Unexpected behavior when accessing non-arrays as arrays

January 20th, 2018

One of the both celebrated and hated features of PHP is its weak typing, and, to be frank, weak typing can give you some issues along the way.

Weak typing means that you do not declare the type of a given variable. For example, in Java (a strongly typed language) you have to write String foo = "bar";, but PHP you can just write $foo = "bar";.

In a strongly typed language you always know what type of variable will be returned from a function or method, but in a weakly typed language you newer know. A lot of people exploit this feature of PHP by have functions that return a list of results on success and FALSE on failure.

Not knowing what is returned means you need to do a lot of checking (or risk assuming your know what you've got). This is where the unexpected behavior comes into play.

If you have a function that you expect to return a list and haven't checked for the FALSE case you might end not even getting an error at the right point in the execution. This could mean several hours of debugging.

Consider the following program snippet:


$privileges = get_privileges($user);

if ($privileges['is_moderator']) {
  // Add special functionality.

If there is an error in the function get_privileges() so that it always returns FALSE the if will never be executed and the "special functionality" will never be added. This error will not show up as an error in any logs. Even with error_reporting set to E_ALL.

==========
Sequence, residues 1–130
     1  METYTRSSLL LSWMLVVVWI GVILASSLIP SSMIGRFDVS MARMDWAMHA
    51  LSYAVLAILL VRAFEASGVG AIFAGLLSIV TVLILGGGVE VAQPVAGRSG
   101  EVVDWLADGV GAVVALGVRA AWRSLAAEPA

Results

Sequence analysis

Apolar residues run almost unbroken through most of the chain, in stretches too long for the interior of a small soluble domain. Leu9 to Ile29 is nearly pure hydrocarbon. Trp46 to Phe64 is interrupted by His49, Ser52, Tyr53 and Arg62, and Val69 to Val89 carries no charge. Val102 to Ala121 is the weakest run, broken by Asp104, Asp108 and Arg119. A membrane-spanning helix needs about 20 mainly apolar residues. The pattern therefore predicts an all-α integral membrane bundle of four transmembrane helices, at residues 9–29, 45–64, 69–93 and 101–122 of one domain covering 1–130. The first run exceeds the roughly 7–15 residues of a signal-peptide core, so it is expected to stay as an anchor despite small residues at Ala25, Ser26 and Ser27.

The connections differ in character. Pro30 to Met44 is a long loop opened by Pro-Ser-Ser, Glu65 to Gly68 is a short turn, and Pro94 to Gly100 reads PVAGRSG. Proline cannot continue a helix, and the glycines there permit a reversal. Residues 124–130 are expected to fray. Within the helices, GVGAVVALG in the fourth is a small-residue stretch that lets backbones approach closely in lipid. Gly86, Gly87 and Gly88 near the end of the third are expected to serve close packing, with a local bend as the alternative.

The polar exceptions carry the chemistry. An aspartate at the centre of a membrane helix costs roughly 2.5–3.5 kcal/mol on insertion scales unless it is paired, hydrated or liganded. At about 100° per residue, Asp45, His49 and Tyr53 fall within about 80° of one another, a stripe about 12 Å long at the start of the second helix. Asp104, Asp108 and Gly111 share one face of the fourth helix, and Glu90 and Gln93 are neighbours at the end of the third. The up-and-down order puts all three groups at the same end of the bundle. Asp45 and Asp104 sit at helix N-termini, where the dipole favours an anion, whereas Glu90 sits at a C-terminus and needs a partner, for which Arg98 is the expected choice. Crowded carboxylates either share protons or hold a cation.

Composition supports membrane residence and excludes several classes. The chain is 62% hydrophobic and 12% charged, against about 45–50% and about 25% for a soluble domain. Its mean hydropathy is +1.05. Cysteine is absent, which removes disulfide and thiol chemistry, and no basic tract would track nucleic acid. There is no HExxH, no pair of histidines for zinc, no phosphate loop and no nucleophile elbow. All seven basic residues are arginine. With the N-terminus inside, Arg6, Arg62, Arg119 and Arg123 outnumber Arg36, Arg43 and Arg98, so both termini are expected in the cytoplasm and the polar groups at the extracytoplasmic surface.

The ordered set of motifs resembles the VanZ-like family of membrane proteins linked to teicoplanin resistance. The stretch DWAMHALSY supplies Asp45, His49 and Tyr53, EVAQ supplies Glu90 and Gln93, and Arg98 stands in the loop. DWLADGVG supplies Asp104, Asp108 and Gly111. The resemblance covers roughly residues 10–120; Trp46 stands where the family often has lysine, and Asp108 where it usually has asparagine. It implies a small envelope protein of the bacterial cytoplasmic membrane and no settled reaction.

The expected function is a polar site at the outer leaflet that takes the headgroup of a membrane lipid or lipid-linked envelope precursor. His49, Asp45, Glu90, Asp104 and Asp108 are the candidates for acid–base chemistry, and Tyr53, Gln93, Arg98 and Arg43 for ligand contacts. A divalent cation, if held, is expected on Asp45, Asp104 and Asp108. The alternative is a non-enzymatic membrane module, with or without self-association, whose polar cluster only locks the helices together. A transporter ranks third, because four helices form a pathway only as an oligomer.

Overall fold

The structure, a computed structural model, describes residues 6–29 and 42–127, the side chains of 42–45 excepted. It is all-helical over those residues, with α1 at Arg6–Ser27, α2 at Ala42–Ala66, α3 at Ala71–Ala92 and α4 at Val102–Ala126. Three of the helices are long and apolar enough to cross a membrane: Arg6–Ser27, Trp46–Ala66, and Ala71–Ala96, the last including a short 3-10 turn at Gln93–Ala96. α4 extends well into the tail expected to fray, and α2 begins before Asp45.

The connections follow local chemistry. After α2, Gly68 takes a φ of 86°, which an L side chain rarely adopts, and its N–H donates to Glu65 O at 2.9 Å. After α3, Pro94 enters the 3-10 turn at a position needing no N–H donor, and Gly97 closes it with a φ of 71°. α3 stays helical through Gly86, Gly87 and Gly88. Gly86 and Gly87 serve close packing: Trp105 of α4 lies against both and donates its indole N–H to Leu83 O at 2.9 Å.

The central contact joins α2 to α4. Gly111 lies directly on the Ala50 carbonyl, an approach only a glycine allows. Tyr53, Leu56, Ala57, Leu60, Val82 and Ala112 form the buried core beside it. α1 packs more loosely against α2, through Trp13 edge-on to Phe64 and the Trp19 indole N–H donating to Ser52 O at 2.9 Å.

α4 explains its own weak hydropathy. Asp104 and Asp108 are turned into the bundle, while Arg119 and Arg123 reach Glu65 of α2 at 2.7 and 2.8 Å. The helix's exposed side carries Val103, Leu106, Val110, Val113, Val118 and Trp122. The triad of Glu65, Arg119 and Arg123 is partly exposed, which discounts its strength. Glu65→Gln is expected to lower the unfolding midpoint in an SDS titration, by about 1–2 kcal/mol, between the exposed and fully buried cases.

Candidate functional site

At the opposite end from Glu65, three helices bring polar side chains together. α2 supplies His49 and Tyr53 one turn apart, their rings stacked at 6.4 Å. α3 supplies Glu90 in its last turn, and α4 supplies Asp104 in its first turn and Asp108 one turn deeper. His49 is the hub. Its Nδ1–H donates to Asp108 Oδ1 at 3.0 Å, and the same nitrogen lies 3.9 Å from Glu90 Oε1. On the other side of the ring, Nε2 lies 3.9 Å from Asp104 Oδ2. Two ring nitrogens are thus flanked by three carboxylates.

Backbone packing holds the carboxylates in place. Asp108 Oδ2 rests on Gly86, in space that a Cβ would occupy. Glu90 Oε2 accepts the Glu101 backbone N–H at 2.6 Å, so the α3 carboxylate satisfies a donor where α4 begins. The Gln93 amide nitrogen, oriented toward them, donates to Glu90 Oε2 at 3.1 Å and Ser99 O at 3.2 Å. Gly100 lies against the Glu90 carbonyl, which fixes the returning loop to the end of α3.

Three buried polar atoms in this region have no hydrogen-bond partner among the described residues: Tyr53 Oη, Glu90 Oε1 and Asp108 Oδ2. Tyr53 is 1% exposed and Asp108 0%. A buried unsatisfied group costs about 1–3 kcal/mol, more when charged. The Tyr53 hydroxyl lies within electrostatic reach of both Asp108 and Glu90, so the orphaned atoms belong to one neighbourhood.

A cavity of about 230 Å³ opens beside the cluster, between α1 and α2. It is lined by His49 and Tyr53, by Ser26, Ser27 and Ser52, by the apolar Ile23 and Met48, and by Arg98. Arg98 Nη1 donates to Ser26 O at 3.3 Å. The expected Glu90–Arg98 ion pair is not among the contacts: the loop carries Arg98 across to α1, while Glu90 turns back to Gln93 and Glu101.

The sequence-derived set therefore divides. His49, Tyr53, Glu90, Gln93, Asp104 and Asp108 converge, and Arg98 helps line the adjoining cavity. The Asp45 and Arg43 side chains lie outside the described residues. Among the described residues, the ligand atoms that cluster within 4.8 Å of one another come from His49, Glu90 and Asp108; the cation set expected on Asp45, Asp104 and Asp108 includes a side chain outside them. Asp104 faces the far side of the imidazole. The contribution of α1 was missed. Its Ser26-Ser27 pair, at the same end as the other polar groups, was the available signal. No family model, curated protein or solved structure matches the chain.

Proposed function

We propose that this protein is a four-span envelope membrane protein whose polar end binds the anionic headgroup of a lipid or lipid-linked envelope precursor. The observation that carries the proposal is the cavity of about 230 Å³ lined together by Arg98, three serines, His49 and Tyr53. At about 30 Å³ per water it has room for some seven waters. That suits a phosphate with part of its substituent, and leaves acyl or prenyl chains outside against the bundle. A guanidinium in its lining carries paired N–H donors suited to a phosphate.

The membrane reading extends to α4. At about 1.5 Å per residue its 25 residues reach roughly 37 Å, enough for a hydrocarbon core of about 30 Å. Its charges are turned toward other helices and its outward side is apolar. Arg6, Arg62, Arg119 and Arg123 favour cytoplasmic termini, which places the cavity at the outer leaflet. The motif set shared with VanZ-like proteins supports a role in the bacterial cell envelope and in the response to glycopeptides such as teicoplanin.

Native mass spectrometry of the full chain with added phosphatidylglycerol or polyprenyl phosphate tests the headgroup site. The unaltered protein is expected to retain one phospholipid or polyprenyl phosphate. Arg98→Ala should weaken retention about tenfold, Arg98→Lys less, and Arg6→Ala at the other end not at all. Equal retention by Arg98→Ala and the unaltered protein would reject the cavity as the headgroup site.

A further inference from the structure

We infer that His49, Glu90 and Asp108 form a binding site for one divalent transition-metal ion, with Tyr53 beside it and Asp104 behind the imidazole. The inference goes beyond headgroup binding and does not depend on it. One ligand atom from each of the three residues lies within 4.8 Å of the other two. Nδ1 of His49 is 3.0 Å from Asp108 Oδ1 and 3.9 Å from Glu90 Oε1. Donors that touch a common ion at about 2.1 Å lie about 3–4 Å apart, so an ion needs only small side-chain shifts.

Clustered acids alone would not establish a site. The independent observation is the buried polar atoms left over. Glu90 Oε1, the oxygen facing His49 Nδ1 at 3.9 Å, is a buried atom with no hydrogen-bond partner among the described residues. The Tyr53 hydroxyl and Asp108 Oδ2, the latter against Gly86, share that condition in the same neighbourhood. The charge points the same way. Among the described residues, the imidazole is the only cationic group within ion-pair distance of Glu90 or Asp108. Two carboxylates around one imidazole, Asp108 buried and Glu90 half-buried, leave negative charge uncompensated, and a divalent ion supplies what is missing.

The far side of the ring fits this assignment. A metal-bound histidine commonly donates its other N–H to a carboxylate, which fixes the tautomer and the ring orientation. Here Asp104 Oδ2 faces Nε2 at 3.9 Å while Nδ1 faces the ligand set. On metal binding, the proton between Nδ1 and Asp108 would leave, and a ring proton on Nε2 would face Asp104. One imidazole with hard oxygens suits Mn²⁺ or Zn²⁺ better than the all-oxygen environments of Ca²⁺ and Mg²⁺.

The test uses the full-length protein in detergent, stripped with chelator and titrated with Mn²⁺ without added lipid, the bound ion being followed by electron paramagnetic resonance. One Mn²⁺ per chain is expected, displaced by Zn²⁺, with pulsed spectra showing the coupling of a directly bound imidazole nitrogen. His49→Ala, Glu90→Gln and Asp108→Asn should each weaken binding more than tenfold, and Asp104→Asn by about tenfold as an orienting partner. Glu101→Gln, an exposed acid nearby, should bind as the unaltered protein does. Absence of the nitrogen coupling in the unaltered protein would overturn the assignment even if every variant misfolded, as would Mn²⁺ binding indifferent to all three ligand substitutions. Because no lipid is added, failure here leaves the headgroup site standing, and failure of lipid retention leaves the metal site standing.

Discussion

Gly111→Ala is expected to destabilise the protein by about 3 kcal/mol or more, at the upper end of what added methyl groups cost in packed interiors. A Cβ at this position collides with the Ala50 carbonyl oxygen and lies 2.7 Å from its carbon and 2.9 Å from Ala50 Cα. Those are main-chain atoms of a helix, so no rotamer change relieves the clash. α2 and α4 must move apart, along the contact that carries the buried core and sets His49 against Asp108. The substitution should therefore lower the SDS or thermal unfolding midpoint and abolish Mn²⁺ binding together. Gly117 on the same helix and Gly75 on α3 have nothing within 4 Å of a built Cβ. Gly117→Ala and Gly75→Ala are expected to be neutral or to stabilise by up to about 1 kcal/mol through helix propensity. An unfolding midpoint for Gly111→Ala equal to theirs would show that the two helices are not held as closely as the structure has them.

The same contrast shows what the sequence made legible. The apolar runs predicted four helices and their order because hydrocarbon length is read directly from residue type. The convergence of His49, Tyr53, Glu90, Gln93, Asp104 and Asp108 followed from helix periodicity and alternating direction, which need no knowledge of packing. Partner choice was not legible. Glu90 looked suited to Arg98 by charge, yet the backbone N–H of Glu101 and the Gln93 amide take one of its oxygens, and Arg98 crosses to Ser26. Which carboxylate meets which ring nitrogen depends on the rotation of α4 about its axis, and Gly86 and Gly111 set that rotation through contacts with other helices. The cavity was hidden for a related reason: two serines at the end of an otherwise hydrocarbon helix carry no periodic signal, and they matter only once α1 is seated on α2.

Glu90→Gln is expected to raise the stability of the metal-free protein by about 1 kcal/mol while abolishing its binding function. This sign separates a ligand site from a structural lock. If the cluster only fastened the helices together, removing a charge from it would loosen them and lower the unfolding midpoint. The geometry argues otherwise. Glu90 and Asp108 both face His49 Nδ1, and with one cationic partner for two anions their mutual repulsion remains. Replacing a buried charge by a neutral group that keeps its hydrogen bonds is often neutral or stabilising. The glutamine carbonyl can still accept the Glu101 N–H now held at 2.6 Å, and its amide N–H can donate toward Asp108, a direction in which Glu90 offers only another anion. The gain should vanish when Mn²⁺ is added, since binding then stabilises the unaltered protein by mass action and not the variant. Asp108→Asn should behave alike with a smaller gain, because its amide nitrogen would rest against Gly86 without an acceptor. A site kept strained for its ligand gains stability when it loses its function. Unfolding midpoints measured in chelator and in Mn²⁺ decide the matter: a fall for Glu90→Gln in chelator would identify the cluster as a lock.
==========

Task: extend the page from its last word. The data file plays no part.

This is due to the fact that accessing types such as integers and constants as arrays will silently return NULL. This behavior is know in the PHP community and several bug reports has been submitted going as far back as 2006. It is still relevant in PHP 7.

Below is a small setup that shows which variables will silently return NULL and which will fail.



// Constants and integers will silently return NULL.

$foo = NULL;

$foo = TRUE;

$foo = 1;

$foo = 1.2;

define('MY_VAR', 5);
$foo = MY_VAR;

// Arrays, Strings, and objects will fail.

$foo = [];

$foo = "String";

$foo = stdClass();

To be fair, this is documented, but now where you might expect. There is a not on the documentation page for Strings that says "Accessing variables of other types (not including arrays or objects implementing the appropriate interfaces) using [] or {} silently returns NULL.".

The take away from this is that when working with weakly typed languages such as PHP you need to check your variables. You might know that the function you just wrote only returns a certain value, but further down the road somebody might make an update that can break that assumption and cause the system to behave unexpectedly.